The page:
Council may eliminate need for cab licences in Northeast Town


This story was updated on January 7 at 11:10 am.

NORTHEAST TOWN – In a report to council at its last meeting of 2020, held December 23, Northeast Town staff asked council to reconsider its taxi licencing bylaw due to an unfair advantage out-of-town taxi companies have when operating within the municipality.

“At the present time, the town offers four full-time licences and two seasonal licences, of which all are currently purchased—two by Mother’s Taxi and two by All-In-One Taxi—however, it is undetermined how many taxis each is really operating because they also operate outside of town and so have multiple vehicles,” a staff report states. “There are at least two other companies that take fares in town, one being Jeff’s Taxi and the other being Island-Wide Taxi.” (Since this story was first published on Wednesday, January 6, The Expositor has learned that contrary to the staff report, Jeff’s Taxi does not operate passenger service in the Town of Northeastern Manitoulin and the Islands.)

“Since we have little way of actually regulating the number of taxis and due to the fact that we do not and have not issued licences for any other businesses in town, staff is requesting council consider revisiting the licencing of taxi cabs.”

Councillor Michael Erskine said he would “happily move to rescind the bylaw” as it doesn’t mean a “hill of beans” in terms of revenue for the municipality and that it wasn’t fair to those companies who were playing by the rules.

Councillor Bill Koehler disagreed with Councillor Erskine, stating that he thought there should be some loyalty given to those two companies who have paid their licences year after year.

Councillor Jim Ferguson said that while he saw Councillor’s Koehler’s point, he agreed with Councillor Erskine and didn’t think it was fair to charge licencing fees.

“I’ve had discussions with one taxi operator and asked what could be done,” said Councillor Al Boyd. “Indeed, I know there are regulations under the bylaw that provide for equal fares. If we rescind this bylaw, are there ramifications?”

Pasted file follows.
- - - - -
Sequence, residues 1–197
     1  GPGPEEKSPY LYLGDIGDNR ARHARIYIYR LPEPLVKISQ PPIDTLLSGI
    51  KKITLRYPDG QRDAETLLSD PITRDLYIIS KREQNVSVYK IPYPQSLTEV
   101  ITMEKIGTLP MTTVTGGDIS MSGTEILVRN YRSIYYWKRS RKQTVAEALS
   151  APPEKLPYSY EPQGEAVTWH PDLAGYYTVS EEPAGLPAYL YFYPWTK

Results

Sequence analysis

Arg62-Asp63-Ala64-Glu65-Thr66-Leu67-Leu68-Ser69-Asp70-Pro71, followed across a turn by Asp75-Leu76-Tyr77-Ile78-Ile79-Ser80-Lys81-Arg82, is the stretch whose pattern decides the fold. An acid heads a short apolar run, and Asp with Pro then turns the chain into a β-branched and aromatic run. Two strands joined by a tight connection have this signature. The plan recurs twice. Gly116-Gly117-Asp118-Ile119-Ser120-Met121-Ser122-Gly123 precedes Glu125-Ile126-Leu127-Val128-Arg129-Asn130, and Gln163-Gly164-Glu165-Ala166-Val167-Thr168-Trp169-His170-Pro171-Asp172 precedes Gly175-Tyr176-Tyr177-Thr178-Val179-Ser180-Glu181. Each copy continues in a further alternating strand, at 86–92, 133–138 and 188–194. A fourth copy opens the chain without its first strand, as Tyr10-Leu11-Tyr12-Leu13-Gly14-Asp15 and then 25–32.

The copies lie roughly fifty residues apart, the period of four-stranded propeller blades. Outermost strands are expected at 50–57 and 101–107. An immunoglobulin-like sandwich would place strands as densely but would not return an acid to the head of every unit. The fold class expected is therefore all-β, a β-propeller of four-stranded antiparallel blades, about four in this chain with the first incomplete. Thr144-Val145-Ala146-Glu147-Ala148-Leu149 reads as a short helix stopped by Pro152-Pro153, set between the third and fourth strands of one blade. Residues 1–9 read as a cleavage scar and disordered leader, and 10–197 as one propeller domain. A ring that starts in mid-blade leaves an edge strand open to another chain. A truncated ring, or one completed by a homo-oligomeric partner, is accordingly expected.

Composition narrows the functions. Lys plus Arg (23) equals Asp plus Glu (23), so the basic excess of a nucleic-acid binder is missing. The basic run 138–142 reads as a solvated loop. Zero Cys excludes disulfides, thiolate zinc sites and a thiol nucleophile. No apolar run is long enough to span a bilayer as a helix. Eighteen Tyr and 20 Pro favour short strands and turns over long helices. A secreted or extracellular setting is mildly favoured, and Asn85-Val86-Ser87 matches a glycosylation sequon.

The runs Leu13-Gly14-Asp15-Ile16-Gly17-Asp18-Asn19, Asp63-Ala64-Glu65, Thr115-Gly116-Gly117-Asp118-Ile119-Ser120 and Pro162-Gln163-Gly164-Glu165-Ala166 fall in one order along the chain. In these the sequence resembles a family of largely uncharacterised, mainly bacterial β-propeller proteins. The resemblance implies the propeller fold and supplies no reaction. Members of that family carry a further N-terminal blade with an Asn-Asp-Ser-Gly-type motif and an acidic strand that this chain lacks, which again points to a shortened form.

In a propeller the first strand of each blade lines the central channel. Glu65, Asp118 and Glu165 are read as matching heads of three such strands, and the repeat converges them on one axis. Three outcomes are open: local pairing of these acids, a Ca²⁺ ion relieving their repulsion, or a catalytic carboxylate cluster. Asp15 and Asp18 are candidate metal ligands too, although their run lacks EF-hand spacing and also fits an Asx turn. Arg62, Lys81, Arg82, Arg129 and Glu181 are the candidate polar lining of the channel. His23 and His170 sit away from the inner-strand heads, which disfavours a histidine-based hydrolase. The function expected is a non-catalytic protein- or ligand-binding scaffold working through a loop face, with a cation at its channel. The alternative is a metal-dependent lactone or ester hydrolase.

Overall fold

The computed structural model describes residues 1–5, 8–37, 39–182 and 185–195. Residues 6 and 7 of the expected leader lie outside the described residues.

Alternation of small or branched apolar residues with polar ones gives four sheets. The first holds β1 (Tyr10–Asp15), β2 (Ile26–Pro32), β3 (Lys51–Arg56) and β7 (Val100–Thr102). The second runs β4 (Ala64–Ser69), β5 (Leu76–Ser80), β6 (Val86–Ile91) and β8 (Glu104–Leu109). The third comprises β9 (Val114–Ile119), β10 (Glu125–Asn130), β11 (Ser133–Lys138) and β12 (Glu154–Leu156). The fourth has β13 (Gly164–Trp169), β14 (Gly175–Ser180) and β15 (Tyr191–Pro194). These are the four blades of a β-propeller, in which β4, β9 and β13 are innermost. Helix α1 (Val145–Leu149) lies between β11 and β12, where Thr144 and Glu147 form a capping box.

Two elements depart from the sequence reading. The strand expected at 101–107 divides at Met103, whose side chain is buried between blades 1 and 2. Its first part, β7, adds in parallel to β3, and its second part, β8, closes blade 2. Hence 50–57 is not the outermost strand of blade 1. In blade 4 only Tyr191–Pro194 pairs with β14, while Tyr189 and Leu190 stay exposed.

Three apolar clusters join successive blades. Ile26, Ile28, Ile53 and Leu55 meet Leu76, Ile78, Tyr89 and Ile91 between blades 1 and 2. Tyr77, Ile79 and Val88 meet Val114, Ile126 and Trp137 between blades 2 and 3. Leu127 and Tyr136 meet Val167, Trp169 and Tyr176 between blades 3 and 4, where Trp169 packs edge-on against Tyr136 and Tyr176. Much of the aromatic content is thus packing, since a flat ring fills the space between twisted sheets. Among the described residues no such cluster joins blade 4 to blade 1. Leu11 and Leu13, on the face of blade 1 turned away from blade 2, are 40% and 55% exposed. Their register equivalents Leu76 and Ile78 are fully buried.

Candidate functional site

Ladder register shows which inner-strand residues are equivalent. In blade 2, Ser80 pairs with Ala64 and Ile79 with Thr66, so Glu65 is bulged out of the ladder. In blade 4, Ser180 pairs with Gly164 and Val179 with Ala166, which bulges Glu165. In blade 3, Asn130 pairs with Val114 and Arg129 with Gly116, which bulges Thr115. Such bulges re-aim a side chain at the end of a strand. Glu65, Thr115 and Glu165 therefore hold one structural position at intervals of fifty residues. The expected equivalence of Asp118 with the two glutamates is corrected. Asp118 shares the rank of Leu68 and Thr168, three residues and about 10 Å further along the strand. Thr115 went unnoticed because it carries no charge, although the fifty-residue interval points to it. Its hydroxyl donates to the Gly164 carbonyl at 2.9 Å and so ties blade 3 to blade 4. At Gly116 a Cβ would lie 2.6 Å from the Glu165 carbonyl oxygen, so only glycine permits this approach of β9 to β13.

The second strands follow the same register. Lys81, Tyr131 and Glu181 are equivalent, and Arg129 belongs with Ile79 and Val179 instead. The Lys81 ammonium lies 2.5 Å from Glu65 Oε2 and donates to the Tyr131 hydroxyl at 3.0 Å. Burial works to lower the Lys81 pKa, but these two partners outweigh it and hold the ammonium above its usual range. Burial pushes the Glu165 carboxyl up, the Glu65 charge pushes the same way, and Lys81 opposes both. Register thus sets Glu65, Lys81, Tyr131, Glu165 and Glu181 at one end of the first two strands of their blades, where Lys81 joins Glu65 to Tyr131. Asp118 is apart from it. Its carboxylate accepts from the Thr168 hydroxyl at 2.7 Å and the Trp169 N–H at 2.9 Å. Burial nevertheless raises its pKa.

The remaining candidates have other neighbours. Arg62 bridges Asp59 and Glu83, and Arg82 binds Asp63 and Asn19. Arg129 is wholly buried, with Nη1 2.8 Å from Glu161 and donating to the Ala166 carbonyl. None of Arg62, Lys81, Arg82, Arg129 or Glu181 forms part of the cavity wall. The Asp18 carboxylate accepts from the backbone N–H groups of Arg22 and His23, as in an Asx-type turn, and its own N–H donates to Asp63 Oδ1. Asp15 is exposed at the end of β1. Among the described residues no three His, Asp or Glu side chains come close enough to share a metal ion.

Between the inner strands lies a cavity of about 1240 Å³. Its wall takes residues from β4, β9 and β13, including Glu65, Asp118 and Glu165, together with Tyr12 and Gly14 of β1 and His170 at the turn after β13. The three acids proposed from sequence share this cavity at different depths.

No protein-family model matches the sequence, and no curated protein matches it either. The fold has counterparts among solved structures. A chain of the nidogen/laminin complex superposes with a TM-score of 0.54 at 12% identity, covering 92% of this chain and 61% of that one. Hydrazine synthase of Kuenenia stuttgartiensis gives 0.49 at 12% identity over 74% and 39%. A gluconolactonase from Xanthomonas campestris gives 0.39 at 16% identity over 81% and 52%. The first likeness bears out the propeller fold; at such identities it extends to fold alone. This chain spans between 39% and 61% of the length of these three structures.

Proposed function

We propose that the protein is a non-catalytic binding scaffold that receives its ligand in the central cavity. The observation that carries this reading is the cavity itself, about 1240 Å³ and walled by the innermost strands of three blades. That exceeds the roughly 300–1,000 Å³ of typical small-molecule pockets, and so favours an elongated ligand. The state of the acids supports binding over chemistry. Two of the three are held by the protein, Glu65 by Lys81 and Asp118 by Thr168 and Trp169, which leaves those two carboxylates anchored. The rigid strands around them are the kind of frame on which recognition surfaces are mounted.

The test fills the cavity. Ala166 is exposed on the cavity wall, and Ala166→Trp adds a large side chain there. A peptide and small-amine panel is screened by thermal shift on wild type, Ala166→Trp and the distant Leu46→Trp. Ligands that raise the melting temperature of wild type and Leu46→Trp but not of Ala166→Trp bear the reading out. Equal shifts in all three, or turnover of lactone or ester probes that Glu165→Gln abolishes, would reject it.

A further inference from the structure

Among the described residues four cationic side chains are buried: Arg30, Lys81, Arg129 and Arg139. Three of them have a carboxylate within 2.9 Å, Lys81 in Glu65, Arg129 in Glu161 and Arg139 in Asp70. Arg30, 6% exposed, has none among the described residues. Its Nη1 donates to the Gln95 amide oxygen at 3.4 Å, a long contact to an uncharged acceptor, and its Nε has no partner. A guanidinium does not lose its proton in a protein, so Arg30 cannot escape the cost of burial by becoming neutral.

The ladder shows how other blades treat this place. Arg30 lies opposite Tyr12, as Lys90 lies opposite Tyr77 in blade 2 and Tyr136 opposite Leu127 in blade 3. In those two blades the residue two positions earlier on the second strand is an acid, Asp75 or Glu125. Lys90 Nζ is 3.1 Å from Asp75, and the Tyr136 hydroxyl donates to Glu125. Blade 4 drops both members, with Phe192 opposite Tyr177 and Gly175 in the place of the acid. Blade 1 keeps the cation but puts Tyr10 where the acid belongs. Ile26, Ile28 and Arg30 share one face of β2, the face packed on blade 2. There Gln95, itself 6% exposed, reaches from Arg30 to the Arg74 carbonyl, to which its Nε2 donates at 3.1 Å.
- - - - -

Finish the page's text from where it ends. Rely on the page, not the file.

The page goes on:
CAO Dave Williamson noted that there is more liability when there’s a bylaw in place that can’t be enforced. “The truth is, societal rules and federal and provincial laws basically prohibit the current rules under the ancient bylaw,” he added in response to Councillor Boyd’s query.

“If they don’t have to comply, what happens to the two companies that have licences if they pack it in and then no one is left?” Councillor Koehler asked.

Mr. Williamson told council that as the bylaw currently stands, local operators are currently being punished.

“Has there been feedback from the operators in town?” Councillor Laurie Cook asked the CAO.

“No, but there has been in the past, stating that it’s not fair,” Mr. Williamson responded.

“That’s the thing that has me pretty much convinced,” Councillor Erskine said. “How do we go about enforcing this?”

Mr. Williamson said there is no enforcement, but that once a year operators give the municipality their money for licences.

Councillor Dawn Orr asked if it was possible to advertise the licenced cabs in the municipality by way of support. Mr. Williamson said they could.

“The issue has come up in municipalities all over Ontario,” Mayor Al MacNevin said. “The reason we’re not doing this (enforcement) is it would take a great deal of resources we don’t have.”

“We’re limiting our own local companies on growth,” Councillor Jim Ferguson said.

Ken Niles of All-In-One Taxi believes it would be in everyone’s best interest to keep the taxi licence. “At least you have control of two (operators),” he told The Expositor.

Mr. Niles said the “scab cab” business is doing great detriment to those licenced taxi companies who are insured to run commercial vehicles and even suggested some of those unlicenced taxis are up to unsavoury things.

“If you’re going to get rid of it, fine, but you’ll end up with no taxis,” Mr. Niles stated flatly. “It’s coming.”

“It’s not the permit that’s the problem, it’s the people on the road who are not insured to do commercial work,” he continued. “It’s a mistake if they don’t enforce the bylaw—a huge mistake.”

Reg Scott operates D and R Taxi under the licence of All-In-One. He said he would love to have a permit through the municipality, and has applied for one, but was told there were no more licences to give. Mr. Scott said it would be nice if the municipalities “offered at least a couple of extra permits to have a chance.” He also thinks that the municipalities should demand proof of taxi insurance when operators apply for their yearly permits. 

Mr. Scott shared that in December, his insurance bill for two vehicles (one is a spare in case of breakdown) was $1,000. This month it’s $1,400.

“I would definitely pay for one,” he added. 

Shirley Vaillant spoke on behalf of Mother’s Taxi, which is operated by her son Allan Genereux out of Little Current.

“I think licencing is a good way to go,” Ms. Vaillant said of the municipal licence. “Taxi is a hard business; we’ve been in it for eight-and-a-half years now. Licencing is the way to go.”

Some communities have identifying markers that taxi companies can place on the cab to show that they are licenced to operate in a municipality. Ms. Vaillant said she thinks the Northeast Town should do the same.

“If you have a good service, it will survive,” she added, questioning the ‘scab cabs’ and what liability they might mean to the municipality.

Council decided to defer the conversation on what to do about taxi licences to a meeting in the new year.